Rating: Solid monster action, worth the read, just read them in order. 

Also Read By This Author: Monster Hunter International,  Monster Hunter Vendetta, Monster Hunter Alpha.

Reviewed By: Nick

Tuesday, December 17, 2013

"The Bride Wore Size 12" by Meg Cabot

I added this book to my library reserve list when I was planning my wedding.  At the time I was dying to get my hands on a lighthearted wedding story I could read to get away from the stresses of seating charts and RSVPs.

Summary:  Former teen pop star and current assistant housing director Heather Wells is planning her upcoming wedding at New York's epic Plaza Hotel all while welcoming this year's batch of freshmen to New York College when everything falls apart.  A VIR and his bodyguards cause drama in the dorm, her money stealing mama makes a dramatic reappearance on her doorstep and the curse of Death Dorm strikes again.  Will Heather be able to solve this years mysterious death and still make it to the altar?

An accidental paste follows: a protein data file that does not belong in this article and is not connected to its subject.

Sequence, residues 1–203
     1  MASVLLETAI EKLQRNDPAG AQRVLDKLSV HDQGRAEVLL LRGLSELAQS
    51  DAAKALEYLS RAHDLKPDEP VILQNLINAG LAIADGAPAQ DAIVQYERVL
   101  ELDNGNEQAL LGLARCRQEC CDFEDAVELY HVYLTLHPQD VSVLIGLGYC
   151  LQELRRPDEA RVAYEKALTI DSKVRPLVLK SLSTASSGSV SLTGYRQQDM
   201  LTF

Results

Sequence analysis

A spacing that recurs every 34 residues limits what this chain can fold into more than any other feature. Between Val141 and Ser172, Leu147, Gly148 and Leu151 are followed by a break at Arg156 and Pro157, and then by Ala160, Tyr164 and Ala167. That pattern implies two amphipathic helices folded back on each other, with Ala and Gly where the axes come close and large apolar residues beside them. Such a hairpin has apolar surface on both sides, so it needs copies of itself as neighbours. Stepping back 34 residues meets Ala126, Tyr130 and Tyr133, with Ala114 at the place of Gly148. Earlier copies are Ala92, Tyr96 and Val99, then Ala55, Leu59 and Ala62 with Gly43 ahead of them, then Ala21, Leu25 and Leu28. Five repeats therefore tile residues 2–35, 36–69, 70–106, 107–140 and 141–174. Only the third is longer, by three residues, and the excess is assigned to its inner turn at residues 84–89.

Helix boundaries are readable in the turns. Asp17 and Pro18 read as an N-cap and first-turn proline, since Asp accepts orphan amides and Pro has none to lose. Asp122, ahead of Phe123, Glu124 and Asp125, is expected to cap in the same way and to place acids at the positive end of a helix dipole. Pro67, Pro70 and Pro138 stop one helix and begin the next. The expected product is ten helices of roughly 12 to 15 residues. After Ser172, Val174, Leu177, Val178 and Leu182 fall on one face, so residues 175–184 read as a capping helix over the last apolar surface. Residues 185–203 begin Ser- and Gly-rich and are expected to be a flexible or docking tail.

What I Liked:  While I love a good and gruesome murder mystery, I also enjoy the more lighthearted (am I really saying this) murder mysteries.  "The Bride Wore Size 12" didn't disappoint.  The plot was downright cute, the dialog was entertaining and the over-the-top characters toed the line at almost unbelievable...but in a way that was so charming it only added to the fun feeling of the book.

What Drove Me Nuts:  There were two things that drove me a little batty, but they were really minor:
  1. The plot and characters really did toe the line between hilarious and completely unbelievable.
  2. This was clearly a recent installment in a series.  And now I have to go back and read the rest!

Rating:  Go into this story with a light heart and you'll enjoy it!

Also Read by This Author:  Abandon, Underworld

Reviewed By:  Tami

Tuesday, December 10, 2013

"The Fault in Our Stars" by John Green